3. Set goals and track performance

Performance management includes activities such as planning, target setting, monitoring progress, smooth communication, feedback and training, implementation of employee development programs, and rewarding achievements.

Goal setting helps employees improve, and more so when included in the procedure. 

Securing employee buy-in allows the company to develop its short and long-term goals, increasing achievement likelihood. Encouraging them to set stretch goals also helps push performance and serves as a motivator for ongoing development.

When done properly, setting goals can improve employee commitment and provide them with more clarity on their role.

Tracking of the employees’ performance should not be neglected. It involves periodic assessment or measuring of employees’ performance, providing feedback to employees and workgroups on their progress towards realising their set goals.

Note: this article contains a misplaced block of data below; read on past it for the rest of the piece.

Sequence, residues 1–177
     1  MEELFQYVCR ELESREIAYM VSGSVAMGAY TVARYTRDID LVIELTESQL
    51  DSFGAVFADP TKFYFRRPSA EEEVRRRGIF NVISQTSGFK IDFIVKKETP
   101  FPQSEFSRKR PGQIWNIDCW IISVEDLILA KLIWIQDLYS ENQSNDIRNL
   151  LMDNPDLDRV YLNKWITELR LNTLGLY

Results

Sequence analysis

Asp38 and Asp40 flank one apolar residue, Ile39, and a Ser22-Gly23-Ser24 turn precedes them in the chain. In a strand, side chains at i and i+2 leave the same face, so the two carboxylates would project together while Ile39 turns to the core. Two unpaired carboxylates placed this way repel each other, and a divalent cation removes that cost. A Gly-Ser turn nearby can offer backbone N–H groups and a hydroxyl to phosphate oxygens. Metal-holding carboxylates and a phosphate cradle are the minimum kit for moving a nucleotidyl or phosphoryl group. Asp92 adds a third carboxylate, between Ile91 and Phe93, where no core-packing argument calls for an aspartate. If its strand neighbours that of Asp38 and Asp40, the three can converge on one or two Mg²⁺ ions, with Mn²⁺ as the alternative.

Continuous progress review helps identify unacceptable performance at any time.

set goals
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4. Provide feedback and reviews

Performance reviews are often used as a basis for career development, compensations, promotions, and even employment termination. 

These review processes usually happen quarterly, bi-annually, or yearly, allowing you to set clear goals and KPIs for each employee. They also help to determine expectations and provide them with feedback based on their past performance. 

It’s also recommended to initiate discussions with your employees about challenges, keep them updated with their task progress, and gauge their current level of motivation and work satisfaction. 

With these conversations, you can also determine if they’re looking for more employee training or additional support through mentoring.

5. Make use of employee training tools

The first step towards developing your workforce is to provide them with professional development opportunities through good training programs. 

Use employee training tools like microlearning platforms, virtual learning platforms, video training software, learning management systems (LMS) to create and deploy interactive learning content.